What Is Biochemistry All About?
Before you enrol on a degree in biochemistry, get your facts right about what biochemistry is all about. Biochemistry lecturer Khaizurin binti Tajul Arifin provides the answers to some FAQs about the subject matterbiochemistry.
At a glance
Biochemistry is a fascinating study of the chemical processes and transformations in living organisms. In studying biochemistry, memorising facts alone will not make you a good biochemist. A good biochemistry student must understand the principles of biochemistry, and must be able to apply the knowledge acquired to everyday life. Good results in a biochemistry degree will enable you to pursue a higher degree in various fields. Career wise, a biochemistry degree offers a wide range of career prospects in both the public and private sectors.
What is Biochemistry?
Generally, it is a fascinating study of the chemical processes and transformations in living organisms. It is one of the academic disciplines in life science that studies the structure, function, metabolism and the mechanism of the components in the cells; such as proteins, carbohydrates, lipids, and nucleic acids, up to the molecular level.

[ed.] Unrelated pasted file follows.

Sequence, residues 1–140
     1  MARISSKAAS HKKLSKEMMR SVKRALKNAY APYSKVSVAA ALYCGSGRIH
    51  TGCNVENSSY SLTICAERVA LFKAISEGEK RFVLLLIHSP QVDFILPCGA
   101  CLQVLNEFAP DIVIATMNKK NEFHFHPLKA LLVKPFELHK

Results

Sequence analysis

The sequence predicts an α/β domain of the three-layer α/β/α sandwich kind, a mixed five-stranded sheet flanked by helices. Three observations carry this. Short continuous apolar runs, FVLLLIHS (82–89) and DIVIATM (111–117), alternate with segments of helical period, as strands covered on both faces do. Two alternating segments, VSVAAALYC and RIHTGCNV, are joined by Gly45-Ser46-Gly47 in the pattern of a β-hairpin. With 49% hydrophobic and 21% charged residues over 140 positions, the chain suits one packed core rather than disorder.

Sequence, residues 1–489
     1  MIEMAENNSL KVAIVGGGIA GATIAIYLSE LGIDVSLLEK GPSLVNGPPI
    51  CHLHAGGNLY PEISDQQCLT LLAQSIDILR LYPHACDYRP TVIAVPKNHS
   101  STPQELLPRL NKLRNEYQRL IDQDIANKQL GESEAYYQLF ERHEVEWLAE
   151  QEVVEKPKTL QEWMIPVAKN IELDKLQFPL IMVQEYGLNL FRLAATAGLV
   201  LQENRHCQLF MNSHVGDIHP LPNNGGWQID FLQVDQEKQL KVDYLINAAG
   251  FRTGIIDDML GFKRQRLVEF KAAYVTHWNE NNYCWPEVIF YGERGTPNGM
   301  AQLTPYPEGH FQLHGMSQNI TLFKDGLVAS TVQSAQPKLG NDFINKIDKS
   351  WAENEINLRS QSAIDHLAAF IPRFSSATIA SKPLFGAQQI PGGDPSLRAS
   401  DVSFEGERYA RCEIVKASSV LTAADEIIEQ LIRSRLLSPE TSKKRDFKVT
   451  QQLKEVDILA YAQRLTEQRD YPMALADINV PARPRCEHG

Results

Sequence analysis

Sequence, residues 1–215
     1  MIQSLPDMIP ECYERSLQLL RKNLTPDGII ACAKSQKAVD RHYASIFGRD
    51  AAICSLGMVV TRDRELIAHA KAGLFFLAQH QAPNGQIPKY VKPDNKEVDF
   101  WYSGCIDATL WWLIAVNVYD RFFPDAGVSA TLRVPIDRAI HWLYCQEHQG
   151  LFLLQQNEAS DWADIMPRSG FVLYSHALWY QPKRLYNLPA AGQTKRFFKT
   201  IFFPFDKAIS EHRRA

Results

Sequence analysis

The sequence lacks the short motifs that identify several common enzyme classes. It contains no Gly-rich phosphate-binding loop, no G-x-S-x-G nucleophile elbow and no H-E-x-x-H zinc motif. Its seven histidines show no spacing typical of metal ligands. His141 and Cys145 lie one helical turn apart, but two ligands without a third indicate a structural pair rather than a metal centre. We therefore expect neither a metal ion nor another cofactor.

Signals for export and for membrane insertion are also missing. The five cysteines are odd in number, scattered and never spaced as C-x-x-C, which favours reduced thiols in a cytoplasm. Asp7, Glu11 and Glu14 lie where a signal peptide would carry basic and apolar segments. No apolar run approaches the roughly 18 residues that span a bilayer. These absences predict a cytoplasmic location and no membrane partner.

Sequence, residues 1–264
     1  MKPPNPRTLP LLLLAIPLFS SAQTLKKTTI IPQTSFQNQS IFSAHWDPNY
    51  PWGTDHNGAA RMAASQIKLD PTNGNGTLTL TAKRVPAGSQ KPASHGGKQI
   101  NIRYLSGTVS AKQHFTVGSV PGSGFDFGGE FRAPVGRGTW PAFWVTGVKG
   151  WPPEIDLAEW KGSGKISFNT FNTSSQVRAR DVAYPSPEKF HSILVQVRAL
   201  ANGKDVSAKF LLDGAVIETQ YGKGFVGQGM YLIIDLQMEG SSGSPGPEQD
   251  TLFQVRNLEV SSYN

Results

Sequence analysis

Do biochemistry and molecular/cell biology mean the same thing?
No, they do not. However, the content of each discipline (biochemistry, molecular and cell biology) overlaps. Cell biology is the study of cells, which includes physiological properties and structure of the cells, organelles they contain, how they interact with their environment, their life cycle, division and death. Whereas molecular biology studies biological molecules, and the scope includes chemistry, genetics and biochemistry.
What Will I Study in a Biochemistry Course?